3. 3. **********************************Permission Levels***********************************<br />The permission levels used for each out-of-the-box SharePoint group is as follows:<br />Owners: Full Control - Has Full Control<br />Members: Contributor – Can view, add, update, and delete.<br />Visitors: Read - Read-Only<br />*****************************************************************************************<br />Keep in mind that these are standard out-of-the-box permission levels and there are others. Here is a list of all permission levels used in SharePoint:<br />·         Full Control<br />·         Design<br />·         Manage Hierarchy<br />·         Approve<br />·         Contribute<br />·         Read<br />·         Restricted Read<br />·         Limited Access (used only by SharePoint)<br />The next slide will provide a screen shot of those permission levels at the Site Collection level:<br />
    4. 4.
    5. 5. You can edit permission levels here but if you click the “Edit Permission Levels” link you will get a warning message that will say this:<br />“You are about to create custom groups and custom permissions for this site.<br />Changes to the parent groups and permissions will no longer affect the site.”<br />You don’t need to do this! You will lock out all users and then have to customize all the different permission levels. This would be a security management nightmare and I’ve seen other administrators doing this.<br />
    6. 6. Here is a screen shot of the page that allows you to modify a particular permission level. This one happens to be “Contribute”. At the Site Collection Level you cannot modify the Full Control permission level. If you click Full Control you will see it’s shaded out. Click the Contribute link and take a look at the different permissions.<br />
    7. 7. FARM LEVEL:Here is a screen shot of the Permission Policy Levels at the Farm Level:<br />
    8. 8. FARM LEVELHere is a screen shot of the permissions you can use to create a custom permission policy. These can override the Site Collection Permission Levels and can be customized and managed from here.<br />So administrators can customize permission levels at both the Site Collection and Farm Level. This can be misleading and I have seen administrators using both to apply security to a site collection. Think about the difficulty of managing permissions and creating custom permission levels from both the Site Collection and Farm Level. Wrong scope, Not a practical solution and also not necessary. The SharePoint team has already thought about this and has made it easy for architects to implement the right security model with right training.<br />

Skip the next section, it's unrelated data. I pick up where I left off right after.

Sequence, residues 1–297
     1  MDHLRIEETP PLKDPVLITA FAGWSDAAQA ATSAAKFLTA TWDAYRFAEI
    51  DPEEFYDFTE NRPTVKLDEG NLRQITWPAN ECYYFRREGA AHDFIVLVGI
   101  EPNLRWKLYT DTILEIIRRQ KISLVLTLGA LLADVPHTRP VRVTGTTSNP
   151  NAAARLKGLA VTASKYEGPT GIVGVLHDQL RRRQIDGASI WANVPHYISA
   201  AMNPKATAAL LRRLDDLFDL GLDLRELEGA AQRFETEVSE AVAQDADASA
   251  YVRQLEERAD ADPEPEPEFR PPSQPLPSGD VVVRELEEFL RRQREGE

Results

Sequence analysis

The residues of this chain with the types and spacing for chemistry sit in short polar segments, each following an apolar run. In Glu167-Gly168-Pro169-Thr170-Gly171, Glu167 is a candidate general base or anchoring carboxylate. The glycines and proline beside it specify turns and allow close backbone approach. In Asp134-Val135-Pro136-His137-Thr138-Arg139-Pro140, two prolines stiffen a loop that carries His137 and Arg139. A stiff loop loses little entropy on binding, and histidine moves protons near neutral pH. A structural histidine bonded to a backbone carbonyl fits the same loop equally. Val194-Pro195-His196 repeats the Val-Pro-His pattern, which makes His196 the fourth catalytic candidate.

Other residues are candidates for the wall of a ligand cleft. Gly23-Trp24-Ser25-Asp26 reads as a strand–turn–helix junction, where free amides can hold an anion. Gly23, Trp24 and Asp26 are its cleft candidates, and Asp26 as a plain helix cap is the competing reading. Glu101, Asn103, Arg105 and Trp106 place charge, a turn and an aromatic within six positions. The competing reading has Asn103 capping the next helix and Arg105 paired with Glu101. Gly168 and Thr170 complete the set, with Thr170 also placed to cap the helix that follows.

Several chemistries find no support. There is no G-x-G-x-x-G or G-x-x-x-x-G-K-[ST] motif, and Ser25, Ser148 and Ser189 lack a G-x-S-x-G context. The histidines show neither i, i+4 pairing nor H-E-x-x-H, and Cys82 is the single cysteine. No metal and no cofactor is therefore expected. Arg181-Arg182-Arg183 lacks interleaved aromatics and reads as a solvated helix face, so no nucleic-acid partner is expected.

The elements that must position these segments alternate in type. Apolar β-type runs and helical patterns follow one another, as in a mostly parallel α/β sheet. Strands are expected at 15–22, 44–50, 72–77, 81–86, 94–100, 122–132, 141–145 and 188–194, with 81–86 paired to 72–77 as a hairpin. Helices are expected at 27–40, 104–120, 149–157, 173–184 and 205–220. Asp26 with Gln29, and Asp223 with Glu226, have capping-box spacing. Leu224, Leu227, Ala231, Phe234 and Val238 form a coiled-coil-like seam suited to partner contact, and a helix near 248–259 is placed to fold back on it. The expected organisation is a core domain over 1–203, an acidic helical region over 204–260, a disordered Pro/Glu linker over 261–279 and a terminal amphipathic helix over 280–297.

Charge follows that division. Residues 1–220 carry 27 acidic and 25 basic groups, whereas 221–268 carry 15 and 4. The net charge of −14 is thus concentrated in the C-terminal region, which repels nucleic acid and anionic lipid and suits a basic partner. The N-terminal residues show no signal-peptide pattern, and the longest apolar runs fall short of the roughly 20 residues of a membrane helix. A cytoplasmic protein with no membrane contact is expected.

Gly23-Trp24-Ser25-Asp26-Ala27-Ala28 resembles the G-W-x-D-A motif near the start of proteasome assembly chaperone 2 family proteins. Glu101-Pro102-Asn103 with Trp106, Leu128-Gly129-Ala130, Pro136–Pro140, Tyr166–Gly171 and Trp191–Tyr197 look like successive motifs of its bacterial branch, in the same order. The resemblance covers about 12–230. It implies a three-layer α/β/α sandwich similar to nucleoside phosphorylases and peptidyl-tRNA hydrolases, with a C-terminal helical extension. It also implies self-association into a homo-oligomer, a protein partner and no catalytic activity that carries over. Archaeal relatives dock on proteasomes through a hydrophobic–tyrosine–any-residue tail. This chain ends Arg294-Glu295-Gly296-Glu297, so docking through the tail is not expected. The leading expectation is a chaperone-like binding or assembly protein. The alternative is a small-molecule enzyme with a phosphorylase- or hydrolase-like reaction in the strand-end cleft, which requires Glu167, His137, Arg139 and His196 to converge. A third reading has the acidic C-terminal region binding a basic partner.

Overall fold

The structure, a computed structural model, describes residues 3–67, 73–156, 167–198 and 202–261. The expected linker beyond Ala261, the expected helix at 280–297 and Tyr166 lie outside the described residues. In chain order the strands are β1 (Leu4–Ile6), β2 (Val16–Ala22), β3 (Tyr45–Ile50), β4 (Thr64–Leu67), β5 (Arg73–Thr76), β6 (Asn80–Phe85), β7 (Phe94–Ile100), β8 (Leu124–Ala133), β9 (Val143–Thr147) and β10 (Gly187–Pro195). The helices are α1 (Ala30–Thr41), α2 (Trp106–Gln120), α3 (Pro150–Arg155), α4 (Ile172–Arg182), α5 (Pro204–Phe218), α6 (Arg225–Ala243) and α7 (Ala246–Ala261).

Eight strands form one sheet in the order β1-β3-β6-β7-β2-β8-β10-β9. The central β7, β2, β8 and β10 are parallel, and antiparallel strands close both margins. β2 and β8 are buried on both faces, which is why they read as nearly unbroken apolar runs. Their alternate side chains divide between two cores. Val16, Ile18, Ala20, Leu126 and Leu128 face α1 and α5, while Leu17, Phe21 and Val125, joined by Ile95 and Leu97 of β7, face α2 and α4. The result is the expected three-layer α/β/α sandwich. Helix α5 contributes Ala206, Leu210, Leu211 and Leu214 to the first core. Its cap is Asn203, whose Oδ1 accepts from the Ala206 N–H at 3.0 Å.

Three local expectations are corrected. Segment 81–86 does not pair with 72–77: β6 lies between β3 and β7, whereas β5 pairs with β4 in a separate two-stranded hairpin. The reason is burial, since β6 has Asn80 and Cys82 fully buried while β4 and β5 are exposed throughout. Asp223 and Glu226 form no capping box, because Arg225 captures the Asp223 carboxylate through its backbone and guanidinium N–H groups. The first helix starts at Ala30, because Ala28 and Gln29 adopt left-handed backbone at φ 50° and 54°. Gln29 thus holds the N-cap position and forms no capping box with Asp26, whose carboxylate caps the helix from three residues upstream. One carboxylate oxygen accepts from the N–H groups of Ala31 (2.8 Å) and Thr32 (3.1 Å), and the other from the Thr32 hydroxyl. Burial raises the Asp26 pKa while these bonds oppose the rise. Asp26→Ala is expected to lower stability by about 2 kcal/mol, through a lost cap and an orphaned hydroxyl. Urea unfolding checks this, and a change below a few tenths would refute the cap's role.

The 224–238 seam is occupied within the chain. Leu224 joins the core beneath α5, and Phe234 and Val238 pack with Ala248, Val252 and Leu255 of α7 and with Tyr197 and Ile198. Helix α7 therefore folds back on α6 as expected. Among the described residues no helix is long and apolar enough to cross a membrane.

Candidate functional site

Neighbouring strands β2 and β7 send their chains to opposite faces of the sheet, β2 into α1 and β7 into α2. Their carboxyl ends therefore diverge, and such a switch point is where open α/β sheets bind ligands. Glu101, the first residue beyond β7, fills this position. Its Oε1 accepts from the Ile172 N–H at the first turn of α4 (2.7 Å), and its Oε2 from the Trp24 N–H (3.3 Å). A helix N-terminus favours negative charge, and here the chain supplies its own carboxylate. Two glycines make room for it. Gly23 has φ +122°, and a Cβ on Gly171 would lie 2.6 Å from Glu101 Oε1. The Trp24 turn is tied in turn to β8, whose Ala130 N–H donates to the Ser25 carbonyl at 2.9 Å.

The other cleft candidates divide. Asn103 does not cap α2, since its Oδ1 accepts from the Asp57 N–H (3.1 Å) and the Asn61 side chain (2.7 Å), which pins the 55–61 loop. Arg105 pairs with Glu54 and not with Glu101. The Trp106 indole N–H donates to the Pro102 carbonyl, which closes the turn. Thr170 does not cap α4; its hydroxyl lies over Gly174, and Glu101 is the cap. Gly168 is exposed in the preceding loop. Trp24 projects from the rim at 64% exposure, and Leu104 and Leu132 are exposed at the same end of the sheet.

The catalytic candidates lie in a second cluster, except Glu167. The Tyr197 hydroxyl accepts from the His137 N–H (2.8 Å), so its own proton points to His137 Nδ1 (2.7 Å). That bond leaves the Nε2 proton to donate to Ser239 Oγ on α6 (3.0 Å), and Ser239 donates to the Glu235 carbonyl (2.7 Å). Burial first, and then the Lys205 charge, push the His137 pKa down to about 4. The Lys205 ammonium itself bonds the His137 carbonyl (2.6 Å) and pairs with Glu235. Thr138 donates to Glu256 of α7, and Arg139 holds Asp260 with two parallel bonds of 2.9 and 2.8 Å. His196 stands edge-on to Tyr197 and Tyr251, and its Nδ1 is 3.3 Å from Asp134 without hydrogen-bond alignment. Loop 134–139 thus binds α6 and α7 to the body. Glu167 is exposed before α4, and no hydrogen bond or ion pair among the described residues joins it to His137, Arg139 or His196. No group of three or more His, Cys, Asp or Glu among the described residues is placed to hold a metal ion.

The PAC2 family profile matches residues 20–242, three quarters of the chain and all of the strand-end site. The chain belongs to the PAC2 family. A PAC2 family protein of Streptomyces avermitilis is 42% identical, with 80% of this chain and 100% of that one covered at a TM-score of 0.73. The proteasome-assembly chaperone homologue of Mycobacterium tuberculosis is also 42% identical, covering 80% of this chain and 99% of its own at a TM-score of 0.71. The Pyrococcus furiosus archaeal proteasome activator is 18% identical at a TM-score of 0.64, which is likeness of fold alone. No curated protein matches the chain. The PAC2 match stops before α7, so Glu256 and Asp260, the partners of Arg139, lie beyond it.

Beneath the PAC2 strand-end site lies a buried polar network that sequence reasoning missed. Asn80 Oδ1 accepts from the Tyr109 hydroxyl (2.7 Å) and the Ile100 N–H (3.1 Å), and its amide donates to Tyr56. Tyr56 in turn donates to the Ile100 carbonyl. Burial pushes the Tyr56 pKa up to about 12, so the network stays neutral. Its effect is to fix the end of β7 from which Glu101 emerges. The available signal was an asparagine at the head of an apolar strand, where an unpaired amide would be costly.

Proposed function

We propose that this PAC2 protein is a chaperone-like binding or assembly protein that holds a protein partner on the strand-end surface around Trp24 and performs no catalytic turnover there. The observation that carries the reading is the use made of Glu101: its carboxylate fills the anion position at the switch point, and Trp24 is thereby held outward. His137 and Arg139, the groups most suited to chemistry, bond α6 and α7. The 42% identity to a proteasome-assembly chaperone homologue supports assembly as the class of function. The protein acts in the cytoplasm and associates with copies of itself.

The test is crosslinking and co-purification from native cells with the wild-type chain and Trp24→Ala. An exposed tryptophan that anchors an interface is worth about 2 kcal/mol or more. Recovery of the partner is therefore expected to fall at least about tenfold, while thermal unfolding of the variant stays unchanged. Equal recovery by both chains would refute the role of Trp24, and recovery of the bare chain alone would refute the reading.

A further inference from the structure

9. 9. http://yoursite/acct/Unless you change and customize permissions for accounting sub site it will inherit permissions from the root.<br />Based on site security requirements provided by each site owner. Each site owner provided a list of all areas within their department sub site that required different permission settings from the root site. We had to break inheritance and customize permissions to meet those needs. We broke inheritance by changing permissions for each sub site. But first, we had to create new SharePoint Groups for each sub site and then used the same SharePoint permission levels. The example below uses the accounting sub site.<br />Now we have:<br />·         Accounting Owners<br />·         Accounting Members<br />·         Account Visitors<br />Remember permission levels explain above<br />That’s correct! Done the same way but now I will explain the difference when we use Active Directory. We will take Active Directory groups and place them in our SharePoint security groups. You can probably see how this will make it much easier to manage at this point.<br />